Yahoo has been hit with a new class-action privacy lawsuit which claims that the company is effectively intercepting and reading emails of users as it scans incoming emails for keywords in order to deliver more targeted ads. Google too was hit with a similar lawsuit recently and just last week it couldn’t convince a judge that its keyword scanning in Gmail doesn’t violate wiretap laws. There’s a difference between these two cases though, Google was sued by Gmail users and non-users, where Yahoo hasn’t been sued by those who use its service, but by those who claim they’re filing the suit on behalf of other Americans that have sent email to Yahoo addresses. The claim is that since these users don’t use Yahoo’s email service, they didn’t agree to keyword scanning.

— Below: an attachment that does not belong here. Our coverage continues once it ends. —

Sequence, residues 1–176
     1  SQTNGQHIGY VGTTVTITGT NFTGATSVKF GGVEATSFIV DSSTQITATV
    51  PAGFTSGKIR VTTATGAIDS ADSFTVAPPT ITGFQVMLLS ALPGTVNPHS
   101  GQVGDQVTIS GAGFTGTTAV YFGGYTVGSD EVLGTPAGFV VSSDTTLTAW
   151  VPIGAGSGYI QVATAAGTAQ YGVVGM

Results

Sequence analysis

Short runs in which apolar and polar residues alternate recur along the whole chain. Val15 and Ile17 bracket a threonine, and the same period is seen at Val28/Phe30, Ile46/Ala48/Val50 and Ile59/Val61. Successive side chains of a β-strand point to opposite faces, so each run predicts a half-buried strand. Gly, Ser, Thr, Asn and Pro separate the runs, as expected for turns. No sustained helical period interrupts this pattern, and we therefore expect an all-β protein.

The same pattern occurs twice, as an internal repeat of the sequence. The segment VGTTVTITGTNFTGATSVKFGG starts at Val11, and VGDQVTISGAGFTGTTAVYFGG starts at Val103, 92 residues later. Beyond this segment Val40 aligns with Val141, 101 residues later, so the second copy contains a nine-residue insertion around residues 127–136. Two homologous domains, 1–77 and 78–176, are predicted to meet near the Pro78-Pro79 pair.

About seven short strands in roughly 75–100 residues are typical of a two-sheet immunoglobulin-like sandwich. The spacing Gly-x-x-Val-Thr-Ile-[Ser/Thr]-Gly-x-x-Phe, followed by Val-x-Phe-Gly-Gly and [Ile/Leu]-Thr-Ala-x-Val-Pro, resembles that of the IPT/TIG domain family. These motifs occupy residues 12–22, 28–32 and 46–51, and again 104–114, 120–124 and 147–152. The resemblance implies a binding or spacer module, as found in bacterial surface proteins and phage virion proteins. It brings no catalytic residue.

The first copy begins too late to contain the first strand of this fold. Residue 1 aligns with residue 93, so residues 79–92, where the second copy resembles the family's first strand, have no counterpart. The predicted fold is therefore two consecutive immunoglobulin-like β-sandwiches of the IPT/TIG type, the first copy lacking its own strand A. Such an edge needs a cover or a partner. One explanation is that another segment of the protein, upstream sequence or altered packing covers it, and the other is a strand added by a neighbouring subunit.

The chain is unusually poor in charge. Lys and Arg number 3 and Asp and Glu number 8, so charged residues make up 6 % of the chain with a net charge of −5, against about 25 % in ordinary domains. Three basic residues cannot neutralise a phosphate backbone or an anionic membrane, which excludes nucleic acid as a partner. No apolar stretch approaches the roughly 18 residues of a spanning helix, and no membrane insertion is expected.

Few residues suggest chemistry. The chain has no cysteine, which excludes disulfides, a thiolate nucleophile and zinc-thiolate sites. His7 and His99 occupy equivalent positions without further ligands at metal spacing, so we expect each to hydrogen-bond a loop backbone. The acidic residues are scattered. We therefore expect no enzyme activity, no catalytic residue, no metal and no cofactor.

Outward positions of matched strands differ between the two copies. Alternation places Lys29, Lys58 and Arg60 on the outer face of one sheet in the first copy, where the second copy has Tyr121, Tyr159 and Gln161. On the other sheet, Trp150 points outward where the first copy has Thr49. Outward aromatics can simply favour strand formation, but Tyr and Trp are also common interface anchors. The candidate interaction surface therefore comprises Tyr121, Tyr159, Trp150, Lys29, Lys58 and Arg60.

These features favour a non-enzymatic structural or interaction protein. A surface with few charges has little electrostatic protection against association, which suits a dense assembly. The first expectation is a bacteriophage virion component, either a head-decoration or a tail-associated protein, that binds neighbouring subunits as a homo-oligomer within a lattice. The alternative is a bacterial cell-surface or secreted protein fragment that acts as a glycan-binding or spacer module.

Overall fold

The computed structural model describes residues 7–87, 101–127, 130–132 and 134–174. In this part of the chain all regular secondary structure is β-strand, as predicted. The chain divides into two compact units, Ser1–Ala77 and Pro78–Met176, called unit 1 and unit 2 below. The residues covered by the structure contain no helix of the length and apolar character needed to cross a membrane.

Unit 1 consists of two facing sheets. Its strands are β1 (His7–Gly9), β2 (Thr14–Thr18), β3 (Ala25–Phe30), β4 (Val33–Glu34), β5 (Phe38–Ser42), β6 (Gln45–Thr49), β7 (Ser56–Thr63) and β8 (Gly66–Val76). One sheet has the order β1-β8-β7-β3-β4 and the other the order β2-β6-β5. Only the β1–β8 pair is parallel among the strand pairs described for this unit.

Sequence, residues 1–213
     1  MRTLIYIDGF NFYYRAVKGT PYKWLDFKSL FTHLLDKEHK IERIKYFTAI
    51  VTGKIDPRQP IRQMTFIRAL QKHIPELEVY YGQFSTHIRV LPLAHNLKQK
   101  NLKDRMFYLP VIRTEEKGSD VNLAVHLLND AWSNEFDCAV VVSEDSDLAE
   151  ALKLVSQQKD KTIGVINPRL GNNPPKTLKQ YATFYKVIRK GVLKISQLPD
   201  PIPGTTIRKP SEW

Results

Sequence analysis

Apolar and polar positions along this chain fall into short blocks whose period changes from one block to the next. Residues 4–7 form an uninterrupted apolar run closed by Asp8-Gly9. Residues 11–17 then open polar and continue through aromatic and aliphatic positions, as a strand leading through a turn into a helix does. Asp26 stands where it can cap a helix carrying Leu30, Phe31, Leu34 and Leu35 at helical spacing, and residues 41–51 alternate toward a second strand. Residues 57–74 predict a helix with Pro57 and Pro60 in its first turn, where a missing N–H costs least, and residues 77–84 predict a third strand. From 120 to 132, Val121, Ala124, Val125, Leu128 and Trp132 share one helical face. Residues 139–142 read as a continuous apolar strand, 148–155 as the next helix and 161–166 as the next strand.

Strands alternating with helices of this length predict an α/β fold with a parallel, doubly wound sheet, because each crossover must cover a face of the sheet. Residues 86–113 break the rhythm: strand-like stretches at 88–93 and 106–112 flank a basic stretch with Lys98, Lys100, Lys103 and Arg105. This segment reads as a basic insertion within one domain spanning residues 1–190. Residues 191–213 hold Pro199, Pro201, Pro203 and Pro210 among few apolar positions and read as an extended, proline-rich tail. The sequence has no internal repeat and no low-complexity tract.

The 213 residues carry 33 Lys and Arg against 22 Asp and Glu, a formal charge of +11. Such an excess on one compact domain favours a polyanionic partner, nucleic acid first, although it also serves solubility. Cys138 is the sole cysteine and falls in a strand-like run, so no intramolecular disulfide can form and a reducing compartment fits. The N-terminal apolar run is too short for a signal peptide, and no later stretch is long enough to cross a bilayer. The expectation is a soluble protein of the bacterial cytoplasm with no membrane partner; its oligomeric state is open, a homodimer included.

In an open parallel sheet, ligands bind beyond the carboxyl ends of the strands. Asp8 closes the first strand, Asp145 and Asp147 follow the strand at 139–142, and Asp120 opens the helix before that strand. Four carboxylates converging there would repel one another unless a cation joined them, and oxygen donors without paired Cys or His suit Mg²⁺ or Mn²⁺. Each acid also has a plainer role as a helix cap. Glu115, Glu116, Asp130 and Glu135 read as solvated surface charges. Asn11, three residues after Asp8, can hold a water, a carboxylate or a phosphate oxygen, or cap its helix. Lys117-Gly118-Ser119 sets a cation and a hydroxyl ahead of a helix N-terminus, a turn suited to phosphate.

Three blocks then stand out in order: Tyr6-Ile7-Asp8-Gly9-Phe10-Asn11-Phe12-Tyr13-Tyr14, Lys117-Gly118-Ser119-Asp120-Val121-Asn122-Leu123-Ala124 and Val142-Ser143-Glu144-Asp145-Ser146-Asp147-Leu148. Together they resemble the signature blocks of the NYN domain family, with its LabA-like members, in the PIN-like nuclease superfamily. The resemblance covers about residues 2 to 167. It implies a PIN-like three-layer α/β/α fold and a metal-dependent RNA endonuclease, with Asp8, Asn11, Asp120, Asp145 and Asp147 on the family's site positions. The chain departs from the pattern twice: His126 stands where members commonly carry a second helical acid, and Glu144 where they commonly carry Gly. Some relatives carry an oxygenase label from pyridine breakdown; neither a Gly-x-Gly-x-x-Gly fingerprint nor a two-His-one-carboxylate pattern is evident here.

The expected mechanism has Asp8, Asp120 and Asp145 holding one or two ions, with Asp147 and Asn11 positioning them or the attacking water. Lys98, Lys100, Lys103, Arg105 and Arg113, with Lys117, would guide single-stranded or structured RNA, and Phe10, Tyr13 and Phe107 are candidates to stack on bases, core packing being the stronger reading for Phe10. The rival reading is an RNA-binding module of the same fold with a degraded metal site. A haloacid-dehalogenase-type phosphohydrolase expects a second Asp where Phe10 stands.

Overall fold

Google defended its case by claiming that scanning emails to better serve targeted ads is a standard element of its business model. It also said that if someone sends an email to a Gmail user, they implicitly understand that the email is going to be scanned and that the sender is voluntarily giving their information to a third party, which negates the right to absolute privacy. Yahoo may go for a similar defense, given the fact that the argument of both cases is essentially the same. However, if things don’t go too well for Yahoo in the courtroom, it will have to stop scanning emails and also pay damages under U.S. and California law, at least that’s what the plaintiffs are pushing for.

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